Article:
It’s really dry in Wyoming this year. There’s no snow on the ground at 8,000 feet.
But it’s cold.
Overnight lows have been in the single digits F and daytime highs aren’t high enough for water to be readily available.
That posed a unique challenge – ice abounds, but not much water. So staying hydrated is an issue. Watch this video to see my solution:
Here’s what else I like to do when the temps are frigid but the snow is missing.
1. I still like to camp in a tarp.
There’s something about tarp camping when it’s cold that’s really satisfying. Winter winds don’t arrive in Wyoming until late winter/early spring, so late fall/early winter is still a great time to tarp camp.
My favorite tarp has always been, and will continue to be, a 9-foot-square DCF tarp.
Here’s a trip report video where I used a tarp like this during the Wyoming winter:
Currently, I prefer the Hyperlite Mountain Gear Square Tarp. It’s well-made, has plenty of tie-outs for flexible pitch options, and best of all, it’s lasted several years for me. Mine is a 2012 model (1st generation), and it’s still going strong eight years later.
2. I spend my weight on sleeping bag and insulating clothing warmth.
Short days, long nights. I spend a lot of my time in my sleeping bag during the winter.
I like to experiment with quilts in the winter, but I prefer the coziness of a mummy sleeping bag that offers enough girth for layering a puffy down jacket and pants, and to side sleep.
My favorite premium mummy bag, which I’ve used for several years now, is the Feathered Friends Lark UL 10. When I pair it with my PhDesigns Yukon Pullover and Western Mountaineering Flash Pants, I’m very comfortable down to 10 below F.
3. Don’t ignore your mattress.
My luxe pad is the Nemo Tensor Insulated Sleeping Pad.
It’s not ultralight per se. But in terms of comfort (for me), the regular length, wide width, is better than sleeping on my bed at home.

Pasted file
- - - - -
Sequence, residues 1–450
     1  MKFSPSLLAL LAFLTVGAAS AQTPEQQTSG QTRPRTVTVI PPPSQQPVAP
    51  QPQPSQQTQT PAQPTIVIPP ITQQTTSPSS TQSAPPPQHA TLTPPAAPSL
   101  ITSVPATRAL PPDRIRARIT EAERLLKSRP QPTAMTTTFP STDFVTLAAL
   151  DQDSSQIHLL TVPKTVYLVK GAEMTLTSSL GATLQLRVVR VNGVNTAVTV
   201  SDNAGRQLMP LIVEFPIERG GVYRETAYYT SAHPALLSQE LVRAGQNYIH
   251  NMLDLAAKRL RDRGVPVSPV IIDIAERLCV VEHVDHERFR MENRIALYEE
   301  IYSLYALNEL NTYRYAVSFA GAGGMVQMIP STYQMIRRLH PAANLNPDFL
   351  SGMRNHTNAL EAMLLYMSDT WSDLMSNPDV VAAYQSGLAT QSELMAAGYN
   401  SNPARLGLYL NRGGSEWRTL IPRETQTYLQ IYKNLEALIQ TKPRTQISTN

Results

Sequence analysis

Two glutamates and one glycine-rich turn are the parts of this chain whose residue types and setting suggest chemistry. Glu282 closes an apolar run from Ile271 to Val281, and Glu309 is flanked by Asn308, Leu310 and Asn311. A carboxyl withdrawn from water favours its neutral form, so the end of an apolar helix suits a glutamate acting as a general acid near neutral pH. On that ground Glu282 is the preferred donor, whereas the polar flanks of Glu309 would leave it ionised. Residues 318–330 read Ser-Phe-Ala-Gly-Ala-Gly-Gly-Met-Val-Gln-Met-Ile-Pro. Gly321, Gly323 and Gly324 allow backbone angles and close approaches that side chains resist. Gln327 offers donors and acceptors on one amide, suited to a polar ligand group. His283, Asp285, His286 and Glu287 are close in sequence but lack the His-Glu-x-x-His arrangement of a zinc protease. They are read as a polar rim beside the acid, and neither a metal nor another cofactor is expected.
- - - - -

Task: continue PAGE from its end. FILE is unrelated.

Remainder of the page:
When temps drop, I add the Gossamer Gear Thinlight CCF pad – 1/8″ is plenty on dry ground, but go with 1/4″ thick for sleeping on snow in subzero conditions.
4. Keep your hands warm.
I don’t opt for ultralight handwear in the winter.
Your hands are too valuable. You need to operate stoves, deal with first aid supplies, manage navigation tools.
Keep. Your. Hands. Warm.
Ultralight: fleece mitts + waterproof-breathable mitten shells.
Light and warmer: high-loft insulating mitts like these.
Warmest and safest: vapor-barrier mitts.
5. Cold feet no more.
Let’s keep this really simple, and really effective:
- Oversize your winter shoes by one full size to accommodate thicker socks and waterproof socks. Thick-midsole shoes add more insulation.
- Go with a mid-height waterproof-breathable shoe. They’re warmer.
- Layer a thick wool sock under a Gore-tex sock inside your shoe.
- Change socks when you get to camp.
- Wear a calf-height gaiter.
6. You can still squeeze a lot of performance out of a canister stove.
No snow on the ground but you can be creative and still acquire liquid water (see video above).
That means you can eek out a little more performance from your lightweight 3-season stove.
I use the MSR Pocket Rocket Deluxe because it’s the best performer in cold and wind among upright (lightweight) canister stoves.
When temperatures drop but snow hasn’t fallen, what are your tips for staying warm, dry, safe, and comfortable in the backcountry?
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